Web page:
On the third day, in the late afternoon, as I sat with Sapain, a lady appeared with a camera crew and whisked him away to film an interview. There was a sudden flurry of people and attention focused on Sapain. They crowded around him excitedly. "He's a pajay, a medicine man." "He's an incredible healer!" "He healed Chief Shenandoah!" "Can he cure my shoulder?"-- "my tumor?"-- "my back?" In the midst of this, the lady was rapidly explaining to him that he would be taken to speak at a very special gathering here in Rio with the Dalai Lama and other dignitaries. She would then be taking him to North America; he must arrange everything to leave very soon. What did he need? When could he go?

The excitement, the intensity of this very North American "discovery" of a new medicine man, this dramatic imposition on his life, made me want to protect him. I tried to move closer, to speak to the lady. She brushed me off rudely. "This is none of your business; please move out of the way. I'm in charge here. The camera..." I tried again: "I've just spent three days with this man; you don't understand..."

I was literally pushed aside. Tears welled up in me. They didn't understand. But how could I explain what they didn't understand? It wasn't something to say in a few words, in the curt American manner. It was everything I had absorbed of Sapain through my skin and other senses by spending quiet time alone with him, by attuning myself to his world, his energy. There were a few things I could have said-- that his people need and want him at home in the Xingu territory, that what he could say before TV cameras would be a few limited phrases in Portuguese that could never convey who he was. But who would listen?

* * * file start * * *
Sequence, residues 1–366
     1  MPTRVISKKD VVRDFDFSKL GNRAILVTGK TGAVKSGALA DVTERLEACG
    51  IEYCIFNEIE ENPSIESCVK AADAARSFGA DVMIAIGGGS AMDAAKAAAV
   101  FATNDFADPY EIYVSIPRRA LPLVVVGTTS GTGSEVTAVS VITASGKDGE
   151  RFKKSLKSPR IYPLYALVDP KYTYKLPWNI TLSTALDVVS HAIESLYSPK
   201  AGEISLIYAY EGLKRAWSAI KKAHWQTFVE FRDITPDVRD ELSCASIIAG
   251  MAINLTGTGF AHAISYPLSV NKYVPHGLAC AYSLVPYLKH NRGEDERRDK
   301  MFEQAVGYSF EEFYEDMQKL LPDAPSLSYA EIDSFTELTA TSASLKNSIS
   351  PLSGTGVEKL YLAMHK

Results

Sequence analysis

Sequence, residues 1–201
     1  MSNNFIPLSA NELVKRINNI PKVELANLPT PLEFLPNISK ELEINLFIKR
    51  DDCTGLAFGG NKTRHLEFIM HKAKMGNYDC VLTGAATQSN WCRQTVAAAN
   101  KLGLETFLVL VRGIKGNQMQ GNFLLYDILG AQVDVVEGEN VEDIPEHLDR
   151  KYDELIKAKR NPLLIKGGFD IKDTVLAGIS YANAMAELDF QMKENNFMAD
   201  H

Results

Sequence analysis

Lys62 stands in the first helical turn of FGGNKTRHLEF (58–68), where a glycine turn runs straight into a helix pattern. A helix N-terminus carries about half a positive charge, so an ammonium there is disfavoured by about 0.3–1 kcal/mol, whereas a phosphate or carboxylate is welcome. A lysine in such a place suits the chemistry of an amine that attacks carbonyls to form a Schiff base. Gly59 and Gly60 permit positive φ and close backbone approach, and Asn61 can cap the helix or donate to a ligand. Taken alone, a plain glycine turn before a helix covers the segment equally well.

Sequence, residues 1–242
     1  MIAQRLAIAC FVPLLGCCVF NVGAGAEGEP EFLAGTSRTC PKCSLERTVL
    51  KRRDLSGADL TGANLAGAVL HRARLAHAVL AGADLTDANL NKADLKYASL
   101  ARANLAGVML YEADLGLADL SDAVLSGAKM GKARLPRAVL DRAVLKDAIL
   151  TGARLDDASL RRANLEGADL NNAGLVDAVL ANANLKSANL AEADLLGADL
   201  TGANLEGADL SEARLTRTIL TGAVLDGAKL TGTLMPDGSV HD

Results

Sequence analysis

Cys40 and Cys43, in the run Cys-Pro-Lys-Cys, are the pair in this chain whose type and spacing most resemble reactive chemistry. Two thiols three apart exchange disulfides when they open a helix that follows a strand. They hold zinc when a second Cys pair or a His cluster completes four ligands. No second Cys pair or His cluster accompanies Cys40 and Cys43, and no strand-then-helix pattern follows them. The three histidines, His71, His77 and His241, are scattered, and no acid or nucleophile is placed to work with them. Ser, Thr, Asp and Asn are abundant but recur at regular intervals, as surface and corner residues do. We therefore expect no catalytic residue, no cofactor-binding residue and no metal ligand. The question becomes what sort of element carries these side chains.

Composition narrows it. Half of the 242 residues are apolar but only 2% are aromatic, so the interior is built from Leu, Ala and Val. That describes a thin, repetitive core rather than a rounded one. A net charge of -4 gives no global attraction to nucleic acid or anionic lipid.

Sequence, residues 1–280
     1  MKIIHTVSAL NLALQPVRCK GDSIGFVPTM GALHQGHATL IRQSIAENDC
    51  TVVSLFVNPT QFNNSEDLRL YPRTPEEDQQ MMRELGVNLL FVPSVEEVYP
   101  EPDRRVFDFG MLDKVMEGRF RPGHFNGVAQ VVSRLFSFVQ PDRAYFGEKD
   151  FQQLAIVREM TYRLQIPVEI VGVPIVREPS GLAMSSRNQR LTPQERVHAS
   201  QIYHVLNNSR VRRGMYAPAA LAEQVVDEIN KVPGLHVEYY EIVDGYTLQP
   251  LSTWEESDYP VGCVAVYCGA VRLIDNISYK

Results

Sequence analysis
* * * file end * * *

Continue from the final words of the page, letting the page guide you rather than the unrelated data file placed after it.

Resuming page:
A new medicine man in New York could build reputations. I tried to stop my ears against the voices I heard in their Manhattan accents: "I've got this terrific new psychic healer!" "Wait till you hear about MY XinGU paJAY!!" Inside I screamed "Rape!" The rape of yet another culture in our unwitting, bulldozing way.


Some days later, I found myself on the Sugarloaf mountain overlooking Rio. I'd been invited to participate in an almost impromptu arts festival in honor of Omame, the Yanomami Creator God, their Patron of the Arts. They expected me to speak about Gaia, but I decided to sing instead-- a whale song about freeing beached whales. It had been on my mind to do this when I found that another participant was bringing a huge inflatable parachute cloth whale! So I had confirmation that singing my whale song was the right thing to do.

After we circled the whale, singing the "Oo wa ee yea ohs" of the chorus together, I led the people into the whale through its tail and told them a whale story inside. The story is from Lyall Watson's book, Gifts of Unknown Things. It is of a whale found beached by a young girl, a dancer of the old natural religion of her Indonesian Island.

The Muslim priest of the new island religion forbids the people to help her free the whale and return it to the sea, because it is the month of Ramadan when touching animals is forbidden. She stays with the whale, alone, pouring water over it from a coconut shell, stroking and singing to it until it dies. The next time she is seen, she has the power to heal by laying on hands to close wounds. She even brings a dead man back to life.

The whale story and song made me think of Sapain, who would be alone like a whale out of water in the cities of the north. During the last part of that arts festival high over Rio, I found a huge rubber tree with which to share my profound grief. I had never spoken to a tree in anything but recognition and greeting. Through my tears I whispered to this one, in Greek, the language in which I usually speak to animals. I told it the whole story and pleaded with it to tell the news to all trees it could reach, to broadcast the news through the whole Amazon forest, to ask the forest to protect Sapain any way it could.